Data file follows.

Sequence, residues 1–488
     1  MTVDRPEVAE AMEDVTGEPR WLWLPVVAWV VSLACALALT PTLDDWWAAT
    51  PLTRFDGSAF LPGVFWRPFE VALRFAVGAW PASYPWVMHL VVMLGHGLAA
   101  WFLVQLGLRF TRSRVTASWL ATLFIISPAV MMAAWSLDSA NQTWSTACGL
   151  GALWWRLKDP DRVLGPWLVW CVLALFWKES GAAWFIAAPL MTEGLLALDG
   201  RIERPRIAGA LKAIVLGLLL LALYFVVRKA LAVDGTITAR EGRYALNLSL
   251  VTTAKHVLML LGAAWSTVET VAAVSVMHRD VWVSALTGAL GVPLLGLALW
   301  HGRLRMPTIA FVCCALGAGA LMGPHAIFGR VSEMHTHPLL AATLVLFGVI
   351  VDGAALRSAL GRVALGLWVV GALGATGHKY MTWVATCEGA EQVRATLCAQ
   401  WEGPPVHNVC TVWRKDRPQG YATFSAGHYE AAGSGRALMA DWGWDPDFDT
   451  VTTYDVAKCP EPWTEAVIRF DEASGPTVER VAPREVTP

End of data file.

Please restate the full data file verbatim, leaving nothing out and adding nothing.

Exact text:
Sequence, residues 1–488
     1  MTVDRPEVAE AMEDVTGEPR WLWLPVVAWV VSLACALALT PTLDDWWAAT
    51  PLTRFDGSAF LPGVFWRPFE VALRFAVGAW PASYPWVMHL VVMLGHGLAA
   101  WFLVQLGLRF TRSRVTASWL ATLFIISPAV MMAAWSLDSA NQTWSTACGL
   151  GALWWRLKDP DRVLGPWLVW CVLALFWKES GAAWFIAAPL MTEGLLALDG
   201  RIERPRIAGA LKAIVLGLLL LALYFVVRKA LAVDGTITAR EGRYALNLSL
   251  VTTAKHVLML LGAAWSTVET VAAVSVMHRD VWVSALTGAL GVPLLGLALW
   301  HGRLRMPTIA FVCCALGAGA LMGPHAIFGR VSEMHTHPLL AATLVLFGVI
   351  VDGAALRSAL GRVALGLWVV GALGATGHKY MTWVATCEGA EQVRATLCAQ
   401  WEGPPVHNVC TVWRKDRPQG YATFSAGHYE AAGSGRALMA DWGWDPDFDT
   451  VTTYDVAKCP EPWTEAVIRF DEASGPTVER VAPREVTP